The Deluge: Day 3

6 10 2009

… and the days to follow …

I still don’t understand.  This thought framed my mind in silence. I think this is what they mean of too confused for words.

Yesterday, I made a choice to get up today and continue life as I know it. It may have been a huge slice of rotten garbage but I was not willing to let it beat me … not yet at least. The decision and the right amount of rest and sleep gave me the bravado to step out of the room and assess things – Weigh every broken pieces of it.

Disconnected from the world for two and summat days, I was in need of the daily paper. There was a need to know the chronological order of things and where the world’s at. I also need to charge my cellphone’s battery after it went dead more than 12 hours ago.

But first off, breakfast.

September 28:

6am: When I stuck my head out the terrace, it still smelled of rotten garbage. The city is unbelievably dirty. From broken pieces of homes and from the muck the flood brought with it. The dogs pen needed to be cleaned before we can bring them back to it. They would also need to eat.

8am: I headed to the office. I needed to charge my phone and have the kitchen cook me something decent. Unfortunately, they only had ham and Yakisoba. I bought both and had mom eat the ham and rice. We both took a huge gulp of coffee to set the day right, even though the back of my head kept insisting we were not. Looking back, this is the first time in … hmm, forever? … since I’ve seen the office deserted. No one went to work and the place seemed like a ghost town. Eerie. 

9am: While charging my phone and after printing the Sunday and Monday paper, I headed to the wet market to buy as much provisions as I can. I bought matches, brooms, scrubs and a huge pale most of which are for cleaning.

11:30am: They opened the grocery. By this time it was pandemonium. The city was in dire need of candles and lucky for me I knew the isles like the back of my hand. The moment I got in, it was a literal mad dash to the candles, bleach, canned goods, and so many foods that only indicated that I was in a tizzy. When we got home around 1pm, I spent a total of six thousand just to stock up.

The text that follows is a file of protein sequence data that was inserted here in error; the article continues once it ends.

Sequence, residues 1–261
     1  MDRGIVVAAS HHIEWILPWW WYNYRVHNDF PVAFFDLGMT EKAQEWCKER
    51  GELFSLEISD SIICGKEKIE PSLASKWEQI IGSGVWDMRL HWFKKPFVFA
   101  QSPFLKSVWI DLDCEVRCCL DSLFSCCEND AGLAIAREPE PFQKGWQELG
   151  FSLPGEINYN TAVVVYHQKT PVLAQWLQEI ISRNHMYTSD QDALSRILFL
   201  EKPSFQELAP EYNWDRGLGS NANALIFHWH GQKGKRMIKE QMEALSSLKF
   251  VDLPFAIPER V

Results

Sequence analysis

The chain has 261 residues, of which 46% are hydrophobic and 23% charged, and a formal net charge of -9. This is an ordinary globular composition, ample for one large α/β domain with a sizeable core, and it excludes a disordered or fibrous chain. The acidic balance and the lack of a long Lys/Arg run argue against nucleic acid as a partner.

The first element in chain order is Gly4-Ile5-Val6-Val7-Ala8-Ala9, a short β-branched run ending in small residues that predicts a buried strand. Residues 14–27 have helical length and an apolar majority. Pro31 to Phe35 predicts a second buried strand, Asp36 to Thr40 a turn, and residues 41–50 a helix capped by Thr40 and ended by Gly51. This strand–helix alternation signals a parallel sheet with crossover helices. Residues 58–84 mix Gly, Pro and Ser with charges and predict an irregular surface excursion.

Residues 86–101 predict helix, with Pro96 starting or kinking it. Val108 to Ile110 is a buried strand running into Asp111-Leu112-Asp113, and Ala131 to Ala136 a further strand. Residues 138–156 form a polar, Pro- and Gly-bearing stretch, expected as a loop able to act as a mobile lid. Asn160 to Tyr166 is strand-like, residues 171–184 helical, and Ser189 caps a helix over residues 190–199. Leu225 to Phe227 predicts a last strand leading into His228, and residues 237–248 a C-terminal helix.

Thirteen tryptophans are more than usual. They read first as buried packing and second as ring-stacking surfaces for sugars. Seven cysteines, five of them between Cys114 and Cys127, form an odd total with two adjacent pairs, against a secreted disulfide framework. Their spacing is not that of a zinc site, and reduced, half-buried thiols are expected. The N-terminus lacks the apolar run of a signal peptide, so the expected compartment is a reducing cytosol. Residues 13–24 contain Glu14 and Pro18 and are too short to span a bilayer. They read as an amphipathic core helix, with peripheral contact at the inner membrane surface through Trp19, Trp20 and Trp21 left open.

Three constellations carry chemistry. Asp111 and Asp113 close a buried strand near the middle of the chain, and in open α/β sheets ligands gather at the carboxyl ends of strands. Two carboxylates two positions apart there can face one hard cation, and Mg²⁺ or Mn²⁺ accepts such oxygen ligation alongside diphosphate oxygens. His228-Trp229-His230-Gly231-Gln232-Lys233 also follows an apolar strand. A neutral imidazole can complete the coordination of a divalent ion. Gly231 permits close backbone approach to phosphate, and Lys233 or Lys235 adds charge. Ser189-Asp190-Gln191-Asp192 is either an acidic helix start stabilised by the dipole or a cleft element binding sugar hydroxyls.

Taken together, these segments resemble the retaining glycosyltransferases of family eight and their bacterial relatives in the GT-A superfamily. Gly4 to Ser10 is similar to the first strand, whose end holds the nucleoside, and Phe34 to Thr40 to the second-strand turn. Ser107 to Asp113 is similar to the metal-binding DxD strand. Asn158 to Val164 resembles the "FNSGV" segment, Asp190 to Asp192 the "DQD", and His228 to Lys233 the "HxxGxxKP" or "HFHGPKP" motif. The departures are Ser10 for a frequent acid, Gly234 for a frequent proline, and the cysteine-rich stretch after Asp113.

2pm: The cleaning starts. It was time to roll up my sleeves, put my cleaning gloves on, a mask to lessen the stink from being sensed and I was hell bent to clean up. I think the entire city was doing the same thing. By this time, it was difficult to ignore the congealing grime and muck that stuck wherever water reached. From here until the night sets – or up until I realized I’m working under the light of a candle – I  remained unthinking. It was just a mechanical reflex to clean, clean and clean some more.

After days of being tormented, I slept better owing to the fact that I was too damn tired to think. Although I was unable to finish cleaning (I didn’t even come close to half), the following days brought cleaning parties made of relatives and an offer of help from Tito Ramon (Mona’s Dad), whom I haven’t talked nor seen for ages.

It was a slow rise to going back to normal. I may never be the same again after this deluge but I found out that I, like everybody else in the city, is resilient. I may never know how the people who was responsible for opening the dams can justify the deaths and the lose, somehow I know that I made it through.

I just hope the idiot who is sitting in power fester slowly and live a long looooong life of physical pain. She deserves it, just like we deserve to realize that we have a government ran by monkeys because we insist on wishing our lives were like the telenovelas we watch.

The city still stinks.

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